At this point, parents like Mary and John typically see only two possible responses -- either to ignore the attack or to escalate the negative exchange, neither of which will help to solve the problem. In doing nothing constructive, the parents are left wondering where they went wrong and the twins are being influenced by their older brother's rude behavior.

However, there is another way to handle the situation. The parents in this example could use the steps we've outlined in this book to stop this backtalk and future attacks. It pays to be prepared to deal with backtalk before it happens. If you've already experienced it in your household, it's not too late to manage it successfully. The fact is, rude behavior needs parental intervention and being allowed to get away with backtalk is bad for your child.

Copyright © 1998 by Audrey Ricker, Ph.D. and Carolyn Crowder, Ph.D.

Membership Advantages
  • Reviews
  • "Beyond the Book" backstories
  • Free books to read and review (US only)
  • Find books by time period, setting & theme
  • Read-alike suggestions by book and author
  • Book club discussions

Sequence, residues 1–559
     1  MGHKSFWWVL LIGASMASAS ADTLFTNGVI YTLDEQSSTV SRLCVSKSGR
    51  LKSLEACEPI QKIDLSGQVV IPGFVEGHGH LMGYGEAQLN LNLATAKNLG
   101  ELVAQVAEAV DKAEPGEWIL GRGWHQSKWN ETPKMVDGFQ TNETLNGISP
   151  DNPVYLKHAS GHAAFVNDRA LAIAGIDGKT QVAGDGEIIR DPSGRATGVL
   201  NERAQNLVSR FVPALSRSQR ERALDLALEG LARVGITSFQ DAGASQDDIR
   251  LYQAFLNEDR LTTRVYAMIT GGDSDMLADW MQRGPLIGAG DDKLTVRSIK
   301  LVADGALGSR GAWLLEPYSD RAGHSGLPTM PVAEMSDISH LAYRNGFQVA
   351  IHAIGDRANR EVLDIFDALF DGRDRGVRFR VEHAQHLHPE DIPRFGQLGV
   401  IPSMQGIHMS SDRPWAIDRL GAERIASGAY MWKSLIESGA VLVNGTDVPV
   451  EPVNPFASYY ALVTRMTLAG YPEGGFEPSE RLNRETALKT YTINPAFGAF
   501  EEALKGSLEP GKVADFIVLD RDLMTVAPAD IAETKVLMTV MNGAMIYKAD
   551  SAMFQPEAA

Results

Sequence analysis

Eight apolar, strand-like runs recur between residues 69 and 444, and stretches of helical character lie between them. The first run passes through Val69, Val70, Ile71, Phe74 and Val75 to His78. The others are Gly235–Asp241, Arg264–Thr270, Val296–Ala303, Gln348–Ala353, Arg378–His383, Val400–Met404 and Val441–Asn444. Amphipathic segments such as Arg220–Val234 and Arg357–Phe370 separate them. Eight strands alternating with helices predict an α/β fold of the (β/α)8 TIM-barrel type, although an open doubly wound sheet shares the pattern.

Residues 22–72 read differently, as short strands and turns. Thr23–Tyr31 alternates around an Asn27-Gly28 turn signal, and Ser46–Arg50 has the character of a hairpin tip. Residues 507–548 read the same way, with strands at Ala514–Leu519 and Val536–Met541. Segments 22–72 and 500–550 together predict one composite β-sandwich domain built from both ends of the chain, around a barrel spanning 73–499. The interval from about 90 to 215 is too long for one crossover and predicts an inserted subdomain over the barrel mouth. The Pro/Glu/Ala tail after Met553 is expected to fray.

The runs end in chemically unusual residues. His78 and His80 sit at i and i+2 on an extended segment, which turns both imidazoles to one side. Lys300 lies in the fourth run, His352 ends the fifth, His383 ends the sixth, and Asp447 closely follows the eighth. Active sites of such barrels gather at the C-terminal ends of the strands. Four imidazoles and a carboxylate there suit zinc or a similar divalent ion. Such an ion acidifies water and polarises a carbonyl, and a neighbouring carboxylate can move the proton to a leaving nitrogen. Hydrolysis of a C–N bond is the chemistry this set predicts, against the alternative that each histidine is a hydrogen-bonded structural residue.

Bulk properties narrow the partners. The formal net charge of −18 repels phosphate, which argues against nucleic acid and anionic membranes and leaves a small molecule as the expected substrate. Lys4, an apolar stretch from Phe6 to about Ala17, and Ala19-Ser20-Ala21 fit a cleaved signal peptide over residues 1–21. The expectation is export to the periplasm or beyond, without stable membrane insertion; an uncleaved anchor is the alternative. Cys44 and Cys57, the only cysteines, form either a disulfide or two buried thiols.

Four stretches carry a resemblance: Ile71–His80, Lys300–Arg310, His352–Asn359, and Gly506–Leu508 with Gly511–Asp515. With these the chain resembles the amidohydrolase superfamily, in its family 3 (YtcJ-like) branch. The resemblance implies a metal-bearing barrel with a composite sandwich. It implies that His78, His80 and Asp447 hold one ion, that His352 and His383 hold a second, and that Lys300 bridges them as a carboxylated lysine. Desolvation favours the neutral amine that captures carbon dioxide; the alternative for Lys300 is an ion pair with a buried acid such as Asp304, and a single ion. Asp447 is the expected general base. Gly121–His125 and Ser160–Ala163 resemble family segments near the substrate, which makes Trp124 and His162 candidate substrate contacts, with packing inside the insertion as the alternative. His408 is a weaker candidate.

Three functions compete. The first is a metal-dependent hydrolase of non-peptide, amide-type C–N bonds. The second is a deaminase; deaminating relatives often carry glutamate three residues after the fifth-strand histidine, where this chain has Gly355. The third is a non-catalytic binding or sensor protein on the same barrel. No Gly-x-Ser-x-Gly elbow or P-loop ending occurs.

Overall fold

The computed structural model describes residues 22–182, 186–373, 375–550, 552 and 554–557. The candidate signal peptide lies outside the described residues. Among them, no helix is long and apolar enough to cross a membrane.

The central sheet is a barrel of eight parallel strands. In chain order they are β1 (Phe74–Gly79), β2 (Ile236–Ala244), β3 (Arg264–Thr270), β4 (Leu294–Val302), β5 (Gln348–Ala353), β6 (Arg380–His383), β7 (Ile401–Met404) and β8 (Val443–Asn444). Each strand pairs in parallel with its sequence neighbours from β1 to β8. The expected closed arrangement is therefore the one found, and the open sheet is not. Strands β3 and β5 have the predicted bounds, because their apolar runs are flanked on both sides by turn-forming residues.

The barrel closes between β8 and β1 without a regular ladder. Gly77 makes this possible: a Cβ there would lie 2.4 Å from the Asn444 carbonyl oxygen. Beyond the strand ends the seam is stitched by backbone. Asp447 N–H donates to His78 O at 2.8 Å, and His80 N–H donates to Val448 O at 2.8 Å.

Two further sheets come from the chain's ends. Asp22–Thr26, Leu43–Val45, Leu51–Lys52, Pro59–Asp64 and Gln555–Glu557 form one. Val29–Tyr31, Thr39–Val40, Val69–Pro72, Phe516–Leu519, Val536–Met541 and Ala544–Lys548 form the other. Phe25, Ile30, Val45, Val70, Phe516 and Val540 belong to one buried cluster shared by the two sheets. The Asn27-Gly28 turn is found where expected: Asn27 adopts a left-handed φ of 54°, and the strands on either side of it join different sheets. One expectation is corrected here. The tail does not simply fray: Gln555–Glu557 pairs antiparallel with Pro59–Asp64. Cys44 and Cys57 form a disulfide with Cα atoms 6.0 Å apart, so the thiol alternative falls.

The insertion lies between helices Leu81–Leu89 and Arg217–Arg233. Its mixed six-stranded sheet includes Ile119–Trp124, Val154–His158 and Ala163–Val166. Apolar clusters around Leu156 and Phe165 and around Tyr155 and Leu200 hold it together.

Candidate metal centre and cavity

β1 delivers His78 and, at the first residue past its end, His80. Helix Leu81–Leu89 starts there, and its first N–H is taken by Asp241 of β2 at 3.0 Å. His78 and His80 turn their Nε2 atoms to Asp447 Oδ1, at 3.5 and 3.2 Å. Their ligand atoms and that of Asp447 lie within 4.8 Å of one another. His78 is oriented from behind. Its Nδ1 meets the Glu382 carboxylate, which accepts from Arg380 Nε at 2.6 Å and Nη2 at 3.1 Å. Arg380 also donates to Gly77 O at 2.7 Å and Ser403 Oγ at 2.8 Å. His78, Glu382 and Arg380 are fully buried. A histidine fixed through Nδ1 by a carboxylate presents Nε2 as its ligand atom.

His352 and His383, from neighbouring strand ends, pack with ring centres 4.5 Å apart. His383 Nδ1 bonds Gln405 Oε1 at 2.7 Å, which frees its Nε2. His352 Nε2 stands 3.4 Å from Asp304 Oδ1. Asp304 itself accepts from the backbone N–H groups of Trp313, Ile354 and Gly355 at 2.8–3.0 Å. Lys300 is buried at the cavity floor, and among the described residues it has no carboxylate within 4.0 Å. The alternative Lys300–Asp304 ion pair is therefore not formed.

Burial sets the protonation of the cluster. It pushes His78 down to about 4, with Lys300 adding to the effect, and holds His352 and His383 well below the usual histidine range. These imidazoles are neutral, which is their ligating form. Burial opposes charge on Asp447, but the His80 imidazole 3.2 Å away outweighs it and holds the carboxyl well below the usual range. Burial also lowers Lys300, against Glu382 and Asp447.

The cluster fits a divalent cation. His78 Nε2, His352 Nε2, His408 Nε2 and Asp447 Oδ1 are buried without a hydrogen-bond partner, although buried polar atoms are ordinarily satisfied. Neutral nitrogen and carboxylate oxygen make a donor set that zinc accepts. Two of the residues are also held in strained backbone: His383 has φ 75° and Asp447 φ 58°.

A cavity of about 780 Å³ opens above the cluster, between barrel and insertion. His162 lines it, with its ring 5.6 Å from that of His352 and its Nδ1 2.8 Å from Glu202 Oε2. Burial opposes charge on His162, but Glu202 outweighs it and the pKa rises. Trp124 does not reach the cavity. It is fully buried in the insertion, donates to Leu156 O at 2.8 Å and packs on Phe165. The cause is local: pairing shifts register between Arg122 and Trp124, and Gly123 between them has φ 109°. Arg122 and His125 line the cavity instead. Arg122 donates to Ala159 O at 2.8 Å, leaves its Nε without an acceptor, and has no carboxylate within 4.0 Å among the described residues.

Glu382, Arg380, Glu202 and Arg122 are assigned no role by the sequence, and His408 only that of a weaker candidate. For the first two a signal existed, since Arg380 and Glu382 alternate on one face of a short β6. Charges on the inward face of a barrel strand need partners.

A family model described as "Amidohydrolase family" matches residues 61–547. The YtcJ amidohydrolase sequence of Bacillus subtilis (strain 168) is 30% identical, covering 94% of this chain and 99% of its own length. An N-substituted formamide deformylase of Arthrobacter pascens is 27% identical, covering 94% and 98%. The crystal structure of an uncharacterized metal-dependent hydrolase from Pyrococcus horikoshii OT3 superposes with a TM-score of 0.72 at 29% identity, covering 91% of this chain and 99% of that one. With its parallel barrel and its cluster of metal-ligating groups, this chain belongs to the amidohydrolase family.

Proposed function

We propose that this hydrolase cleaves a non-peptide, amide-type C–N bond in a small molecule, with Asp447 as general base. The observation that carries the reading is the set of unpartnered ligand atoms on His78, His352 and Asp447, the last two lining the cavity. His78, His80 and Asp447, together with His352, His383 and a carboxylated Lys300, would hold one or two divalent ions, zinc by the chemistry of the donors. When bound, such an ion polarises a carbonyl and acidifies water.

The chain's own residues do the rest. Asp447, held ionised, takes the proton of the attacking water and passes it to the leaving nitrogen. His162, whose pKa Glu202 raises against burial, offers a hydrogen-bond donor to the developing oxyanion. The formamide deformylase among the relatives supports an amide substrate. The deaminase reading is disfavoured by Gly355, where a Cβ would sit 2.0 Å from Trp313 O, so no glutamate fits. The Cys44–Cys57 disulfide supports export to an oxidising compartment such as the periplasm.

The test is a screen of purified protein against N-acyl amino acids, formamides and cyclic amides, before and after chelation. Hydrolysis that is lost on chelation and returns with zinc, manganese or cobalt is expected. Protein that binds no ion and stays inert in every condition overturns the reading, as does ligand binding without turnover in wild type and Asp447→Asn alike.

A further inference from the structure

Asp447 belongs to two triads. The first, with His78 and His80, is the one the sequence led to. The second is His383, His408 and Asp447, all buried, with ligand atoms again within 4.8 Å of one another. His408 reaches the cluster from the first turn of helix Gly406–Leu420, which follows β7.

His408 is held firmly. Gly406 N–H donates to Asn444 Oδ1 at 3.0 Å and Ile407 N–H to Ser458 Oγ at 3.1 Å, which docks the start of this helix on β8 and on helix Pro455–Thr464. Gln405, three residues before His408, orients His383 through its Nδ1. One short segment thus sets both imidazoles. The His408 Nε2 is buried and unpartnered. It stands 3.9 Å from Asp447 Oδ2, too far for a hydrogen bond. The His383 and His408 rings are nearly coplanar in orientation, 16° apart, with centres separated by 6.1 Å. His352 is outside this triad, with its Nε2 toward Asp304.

• and much more!
  • Just $10 for 3 months or $35 for a year
  • More about membership!

Support BookBrowse

Become a Member and discover books that entertain, engage & enlighten!

Join Today!

Editor's Choice

  • Book Jacket: The Radium Girls
    The Radium Girls
    by Kate Moore
    In 1915, Austrian-born Sabin von Sochocky developed a luminescent paint that used radium to create a...
  • Book Jacket: Long Black Veil
    Long Black Veil
    by Jennifer Finney Boylan
    "This was a long time ago, before my first death, and none of us now are the people we were then. ...
  • Book Jacket: Proving Ground
    Proving Ground
    by Peter Blauner
    More than a decade after winning the 1992 Best First Novel Edgar for Slow Motion Riot, Peter Blauner...

Win this book!
Win News of the World

News of the World

A brilliant work of historical fiction that explores the boundaries of family, responsibility, honor, and trust.

Enter

First Impressions

  • Book Jacket

    The Essex Serpent
    by Sarah Perry

    Costa Book Award Finalist and the Waterstones (UK) Book of the Year 2016
    Reader Reviews

Word Play

Solve this clue:

T's S I Numbers

and be entered to win..

Book Discussion
Book Jacket
The One-in-a-Million Boy by Monica Wood

A richly layered novel of hearts broken seemingly beyond repair and then bound by a stunning act of human devotion.

About the book
Join the discussion!

Books that     
entertain,
     engage

 & enlighten

Visitors can view some of BookBrowse for free. Full access is for members only.

Join Today!

Your guide toexceptional          books

BookBrowse seeks out and recommends books that we believe to be best in class. Books that will whisk you to faraway places and times, that will expand your mind and challenge you -- the kinds of books you just can't wait to tell your friends about.